Banarasi Saree, Banarasi Sari, Saree (Sari), Saree Trends, Sari Types

Hand Embroidery, a timeless form of art

Man is spoiled for choices when it comes to choosing between different material, colors, and dress patterns. Designers find patrons for their outfits, some of which are interspersed with different beautiful styles of embroidery done on fabric.

Pure georgette machine embroidered sari with additional hand embroidery of sequins and stones
Pure georgette machine embroidered sari with additional hand embroidery of sequins and stones

Embroidery refers to the stitching of intricate designs on material with needle and different colored threads. These patterns are most often done by hand. Hand embroidery finds its way back to the time of the ancient Egyptians, Babylonians  and you will also see embroidery done by the Chinese in that age. In ancient times, embroidery done by hand was usually seen on clothes of the wealthy who were patrons of this art form. As centuries passed, so also, hand embroidery saw a growth in intricacies and types of stitches.

Hand embroidered saris like the Benarasi silk saris, Zari Embroidered Sarees, Bandhani Sarees, Zari Weaved Sarees, cotton saris that have embroidery work on it etc requires a lot of labor.  People who are well versed with this art form and do it for a living have to invest a great deal of time and concentration while stitching intricate and minute details onto fabric.  When it comes to hand embroidery, there are a wide range of designs to choose from, each separate and distinct from the other.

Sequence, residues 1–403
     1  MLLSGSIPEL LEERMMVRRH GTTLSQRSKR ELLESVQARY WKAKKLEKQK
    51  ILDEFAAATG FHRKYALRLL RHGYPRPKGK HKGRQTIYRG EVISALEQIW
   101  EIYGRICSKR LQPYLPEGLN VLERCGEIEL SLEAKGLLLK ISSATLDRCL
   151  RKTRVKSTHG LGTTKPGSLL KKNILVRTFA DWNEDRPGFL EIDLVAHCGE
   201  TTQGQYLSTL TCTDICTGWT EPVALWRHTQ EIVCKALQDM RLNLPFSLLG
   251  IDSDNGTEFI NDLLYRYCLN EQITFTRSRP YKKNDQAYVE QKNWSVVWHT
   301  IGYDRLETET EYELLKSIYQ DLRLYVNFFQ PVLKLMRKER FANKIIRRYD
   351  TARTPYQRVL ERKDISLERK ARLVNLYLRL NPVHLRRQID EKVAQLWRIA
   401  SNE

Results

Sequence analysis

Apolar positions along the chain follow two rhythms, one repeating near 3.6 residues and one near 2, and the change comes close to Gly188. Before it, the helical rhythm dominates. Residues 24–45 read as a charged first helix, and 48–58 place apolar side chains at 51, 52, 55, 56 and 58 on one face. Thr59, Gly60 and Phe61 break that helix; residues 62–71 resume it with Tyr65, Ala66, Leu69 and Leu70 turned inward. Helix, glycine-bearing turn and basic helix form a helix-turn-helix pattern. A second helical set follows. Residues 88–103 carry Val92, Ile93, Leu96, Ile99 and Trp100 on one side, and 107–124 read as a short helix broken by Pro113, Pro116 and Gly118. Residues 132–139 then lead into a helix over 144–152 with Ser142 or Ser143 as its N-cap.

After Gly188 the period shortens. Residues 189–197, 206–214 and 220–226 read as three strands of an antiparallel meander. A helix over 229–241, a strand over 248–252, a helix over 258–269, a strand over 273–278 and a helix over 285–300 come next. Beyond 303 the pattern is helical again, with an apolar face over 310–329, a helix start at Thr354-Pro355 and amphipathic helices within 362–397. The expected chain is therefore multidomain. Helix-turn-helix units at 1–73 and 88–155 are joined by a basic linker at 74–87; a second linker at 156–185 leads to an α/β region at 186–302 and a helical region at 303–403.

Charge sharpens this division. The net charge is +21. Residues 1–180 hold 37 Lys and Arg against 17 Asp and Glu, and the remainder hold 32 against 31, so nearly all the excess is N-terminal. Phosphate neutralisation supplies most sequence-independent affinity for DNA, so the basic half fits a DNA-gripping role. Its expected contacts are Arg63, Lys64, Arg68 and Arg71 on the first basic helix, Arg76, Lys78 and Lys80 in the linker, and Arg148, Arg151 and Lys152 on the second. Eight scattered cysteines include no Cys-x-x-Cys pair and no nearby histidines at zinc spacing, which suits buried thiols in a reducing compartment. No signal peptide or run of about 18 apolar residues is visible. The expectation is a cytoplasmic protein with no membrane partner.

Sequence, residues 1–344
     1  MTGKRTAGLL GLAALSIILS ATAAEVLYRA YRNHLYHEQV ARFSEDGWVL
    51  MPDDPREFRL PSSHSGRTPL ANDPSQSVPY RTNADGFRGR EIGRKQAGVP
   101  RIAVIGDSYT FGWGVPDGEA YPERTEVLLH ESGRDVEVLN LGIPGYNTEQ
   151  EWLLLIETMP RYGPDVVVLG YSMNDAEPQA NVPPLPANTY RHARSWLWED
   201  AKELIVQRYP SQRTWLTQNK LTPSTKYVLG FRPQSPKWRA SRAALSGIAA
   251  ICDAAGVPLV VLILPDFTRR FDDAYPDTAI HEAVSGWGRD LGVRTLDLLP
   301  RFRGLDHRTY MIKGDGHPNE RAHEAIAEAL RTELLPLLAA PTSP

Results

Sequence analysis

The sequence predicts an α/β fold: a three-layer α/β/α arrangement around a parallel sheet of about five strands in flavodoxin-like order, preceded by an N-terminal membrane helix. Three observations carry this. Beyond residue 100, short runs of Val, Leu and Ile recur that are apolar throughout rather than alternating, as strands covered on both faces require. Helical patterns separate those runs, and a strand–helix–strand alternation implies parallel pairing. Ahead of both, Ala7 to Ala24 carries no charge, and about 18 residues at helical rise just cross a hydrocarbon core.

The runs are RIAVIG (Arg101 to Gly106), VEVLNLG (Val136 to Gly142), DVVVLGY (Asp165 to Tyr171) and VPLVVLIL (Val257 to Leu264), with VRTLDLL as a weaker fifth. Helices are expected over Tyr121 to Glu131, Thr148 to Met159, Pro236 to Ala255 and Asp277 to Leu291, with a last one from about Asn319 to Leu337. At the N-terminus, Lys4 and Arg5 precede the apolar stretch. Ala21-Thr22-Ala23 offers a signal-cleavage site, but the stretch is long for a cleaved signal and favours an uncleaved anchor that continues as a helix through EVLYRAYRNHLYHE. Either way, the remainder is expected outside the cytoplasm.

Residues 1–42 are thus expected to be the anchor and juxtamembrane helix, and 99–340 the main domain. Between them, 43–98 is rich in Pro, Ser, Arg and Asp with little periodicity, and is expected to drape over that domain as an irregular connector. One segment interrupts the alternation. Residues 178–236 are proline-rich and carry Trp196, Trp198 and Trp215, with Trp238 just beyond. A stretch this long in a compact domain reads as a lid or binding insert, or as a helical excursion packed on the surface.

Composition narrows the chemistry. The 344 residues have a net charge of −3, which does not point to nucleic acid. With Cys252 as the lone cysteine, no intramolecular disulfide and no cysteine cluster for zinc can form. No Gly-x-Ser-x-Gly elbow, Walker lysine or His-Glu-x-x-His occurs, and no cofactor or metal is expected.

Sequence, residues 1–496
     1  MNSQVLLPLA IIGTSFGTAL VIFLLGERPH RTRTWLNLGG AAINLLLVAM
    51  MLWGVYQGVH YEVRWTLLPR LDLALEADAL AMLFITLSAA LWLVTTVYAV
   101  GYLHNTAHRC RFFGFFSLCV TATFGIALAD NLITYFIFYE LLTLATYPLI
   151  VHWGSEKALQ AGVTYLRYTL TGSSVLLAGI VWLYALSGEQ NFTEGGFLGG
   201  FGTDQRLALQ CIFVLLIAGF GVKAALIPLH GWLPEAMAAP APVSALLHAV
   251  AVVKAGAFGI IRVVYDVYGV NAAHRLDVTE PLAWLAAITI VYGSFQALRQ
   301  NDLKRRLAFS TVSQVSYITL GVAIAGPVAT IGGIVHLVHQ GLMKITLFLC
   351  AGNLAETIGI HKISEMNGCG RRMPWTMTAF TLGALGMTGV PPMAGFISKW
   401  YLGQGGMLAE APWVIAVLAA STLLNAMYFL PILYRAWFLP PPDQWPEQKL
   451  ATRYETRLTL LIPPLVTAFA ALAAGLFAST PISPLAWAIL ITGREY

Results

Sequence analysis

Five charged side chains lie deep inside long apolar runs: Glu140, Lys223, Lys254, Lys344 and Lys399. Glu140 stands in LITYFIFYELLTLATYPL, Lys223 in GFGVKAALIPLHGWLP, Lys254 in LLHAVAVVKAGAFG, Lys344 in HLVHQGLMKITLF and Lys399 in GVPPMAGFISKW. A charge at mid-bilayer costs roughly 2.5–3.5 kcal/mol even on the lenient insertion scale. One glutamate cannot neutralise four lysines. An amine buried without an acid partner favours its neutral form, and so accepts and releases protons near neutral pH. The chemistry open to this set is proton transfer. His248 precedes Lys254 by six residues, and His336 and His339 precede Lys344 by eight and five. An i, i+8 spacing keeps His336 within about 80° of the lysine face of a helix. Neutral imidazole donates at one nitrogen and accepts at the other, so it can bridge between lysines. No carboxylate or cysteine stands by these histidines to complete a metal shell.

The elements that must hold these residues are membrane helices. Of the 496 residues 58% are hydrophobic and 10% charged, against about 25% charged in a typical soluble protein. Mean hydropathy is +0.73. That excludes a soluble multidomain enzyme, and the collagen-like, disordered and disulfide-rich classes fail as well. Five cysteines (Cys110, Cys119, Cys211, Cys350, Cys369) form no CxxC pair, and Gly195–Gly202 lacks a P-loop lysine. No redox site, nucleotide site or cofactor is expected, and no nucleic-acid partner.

Hand Embroidery finds a very important place in Indian society with embroidery like Phulkari work of Punjab, Chikankari work native to Lucknow, Ari work, Zardozi, Kashmiri embroidery, etc with patterns and style of stitches different from each other.

Earlier hand embroidery was  restricted to using different colored threads to stitch patterns on material, but in recent times this trend has changed and given way to more modern trends of using stones, pearls, sequins, beads along with contrasting or similar colored threads to embellish outfits to make them look more pleasing to the eye.

It was not possible to keep up with the increasing demand for this art, as the demand for this beautiful eye-catching work increased with exposure to new markets. This increased demand was met with the creation of the machine work, which would do the same embroidery in half the time. Introduced during the Industrial Revolution machine embroidery imitates hand embroidery wherein stitches, which are done by, machine look exactly like those done by hand. Gradually machine embroidery has taken the place of hand embroidery when it comes to getting work done on a large scale in a short time.

However, hand embroidered saris, dress materials etc are always preferred when it comes to getting exclusive patterns and designs on material because hand embroidery is not confined to certain designs and patterns. Vast varieties of designs are available depending on the expertise of the artisan. There is no worry of duplicity of designs because each hand-embroidered piece will always be one of its kind, which boosts the exclusivity factor. Although costly, it is acceptable because the quality of work on a hand-embroidered product is not compromised and therefore a hand-embroidered article will last longer than a machine-embroidered product.

This is absent in machine embroidery because a machine can churn out many pieces with the same design, which does not go down well with many people. Even though machine embroidery has taken over the market in a big way, hand embroidered sari has found its own niche and has its own patrons, which make it a thriving art, which is here to stay.

Leave a Reply

Your email address will not be published. Required fields are marked *